Orchids delight

KOLOA — Al Sugano of Koloa only does business at the Koloa Farmers Market.

Sugano, who retired from the forestry industry in Corvalis, Ore., returned home to Koloa where he and his wife Ami started growing orchids as a hobby.

On Monday, Sugano’s offerings included a wide variety of phalaenopsis, or “Moth Orchids” because this is the time of the year that a lot of them go into bloom.

“This is just right for us,” Ami said. “It goes fast. Most of the time we’re done in about an hour.”

Phalaenopsis orchids are probably the most widely produced genus of orchid in the world today, said Ada Keones, one of the organizers for their upcoming Garden Island Orchid Society Spring Fantasy Show and Sale. That event is scheduled from 1 p.m. to 4 p.m. on March 17, and 9 a.m. to 4 p.m. March 18, at the Hanapepe United Church of Christ social hall.

Keones said there are so many phalaenopsis hybrids that it is hard to believe they have been produced from around 50 wild species centered around the Philippines.

This type of influence on orchids led Keones and other leaders of the GIOS to dedicate this year’s show and sale to “Orchids of Asia and the Pacific Rim.” The dedication is in recognition of the contributions these countries have made to the orchid industry of Hawai’i and the multitude of Hawaiian hobbyists.

Sugano, who has done several presentations to the public via the GIOS, noted that in a neighboring vendor’s booth, there was a phalaenopsis hybrid that had double chromosomes. That blossom was identified by large splotches of bold coloring against a lighter hue, and grown by local grower Wayne Ajimura who has collected his share of awards at the annual show.

“There are a lot more of the exotic plants at the show,” Sugano said. “Here (at the farmer’s market), we tend to work with the ‘consumer’ types.”

Koenes said that when the word “orchid” is mentioned in the context of tropical flowers, many think of Hawai’i, but are surprised to learn that due to its remote location, is home only to three small endemic, terrestrial orchids.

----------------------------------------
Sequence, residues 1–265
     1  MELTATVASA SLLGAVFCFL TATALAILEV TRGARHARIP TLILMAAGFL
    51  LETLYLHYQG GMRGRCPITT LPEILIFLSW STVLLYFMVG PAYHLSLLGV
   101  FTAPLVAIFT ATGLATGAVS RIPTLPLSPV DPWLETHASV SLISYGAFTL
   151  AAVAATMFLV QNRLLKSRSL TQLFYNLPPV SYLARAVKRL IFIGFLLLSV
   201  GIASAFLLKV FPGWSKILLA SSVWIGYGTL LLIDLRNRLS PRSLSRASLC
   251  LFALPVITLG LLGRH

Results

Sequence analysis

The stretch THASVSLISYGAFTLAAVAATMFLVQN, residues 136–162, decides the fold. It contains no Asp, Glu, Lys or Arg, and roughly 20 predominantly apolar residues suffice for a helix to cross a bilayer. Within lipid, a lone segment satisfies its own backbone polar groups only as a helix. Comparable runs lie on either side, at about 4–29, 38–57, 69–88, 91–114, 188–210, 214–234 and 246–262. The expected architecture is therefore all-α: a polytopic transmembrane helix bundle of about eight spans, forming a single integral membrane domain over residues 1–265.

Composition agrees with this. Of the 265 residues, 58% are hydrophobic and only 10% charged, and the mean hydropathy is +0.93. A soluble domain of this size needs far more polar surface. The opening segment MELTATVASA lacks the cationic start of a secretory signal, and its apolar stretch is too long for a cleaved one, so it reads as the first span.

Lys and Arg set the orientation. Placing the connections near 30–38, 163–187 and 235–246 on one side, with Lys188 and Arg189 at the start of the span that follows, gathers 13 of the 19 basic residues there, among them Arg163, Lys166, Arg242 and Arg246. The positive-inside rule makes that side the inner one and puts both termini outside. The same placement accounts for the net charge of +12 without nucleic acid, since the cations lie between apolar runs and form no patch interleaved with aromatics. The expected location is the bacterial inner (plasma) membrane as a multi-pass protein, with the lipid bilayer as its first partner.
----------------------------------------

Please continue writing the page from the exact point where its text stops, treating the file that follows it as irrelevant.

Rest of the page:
The numerous species grown in Hawai’i today were initially brought in by seamen and plantation owners traveling to and from, or through, Hawai’i from other parts of the Pacific starting in the mid-1800’s. This type of trade continues today, and many of the orchid species that are found in the cooler highlands of Asia do well in Hawai’i’s friendly climate.

“They like to be abused,” Sugano laughingly told a lady who queried about the care of dendrobium orchids. Among the variety of phalaenopsis, Sugano had an isolated one, or two plants which were quickly snatched up by shoppers because of its sturdy nature.

Koenes said that dendrobiums are island favorites because of sturdiness, and the flowers are adaptable for use in lei, flower decorations, and wedding bouquets.

There are over 1,500 species of dendrobium, but to the layman, members of the species are often difficult to detect.

However, Koenes said “They are so complex that botanists have dissected them into smaller genera that produce new plants from the pseudobulbs. One member of this family, the nobile dendrobium that originally came from a large area stretching from India to Southern China, is now primarily bred in Hawai’i and Japan and sold around the world.

The vanda flower is referred to in Indian Vedic scriptures, and at one time, was the most prolific orchid in Hawai’i where it was known as “the lei orchid.” Vanda Miss Joaquim, as it is known in orchid circles, is the state flower of Singapore, and is only one member of the large vandaceous family which is also related to ascondentum and aerides. These plants are widely grown in outdoor beds in homes today.

Sugano’s background in the Oregon forestry industry makes him a natural in the orchid arena, and Koenes is quick to acknowledge his wide range of knowledge and personable presentation due to his teacher-like approach to people.

Sugano said that one of the areas he worked on in Oregon was coming up with the parents of Christmas trees that are grown commercially on farms.

Branch Harmony, the coordinator for the Koloa Farmers Market, added that Sugano not only sells the potted plants, but also supplements his offerings with bunches of cut orchids.

“It works really well for this area,” Sugano said. “Most of the time people just want to enjoy the blooms, and not worry about how to get the plant home.”

The GIOS Spring Fantasy Show and Sale is one of three orchid events on Kaua’i where growers, both professional and hobbyists, can submit specimens for judging according to American Orchid Society (AOS) criteria.

Once judged by the specially trained panel of AOS judges, the specimens are put on display for the public to enjoy.

For those wishing to enjoy Sugano’s orchids to add to their personal collection, he said he only does business at the Koloa Farmer’s Market, or through his greenhouse. But, the best way is to visit the Koloa marketplace on Mondays starting at noon.

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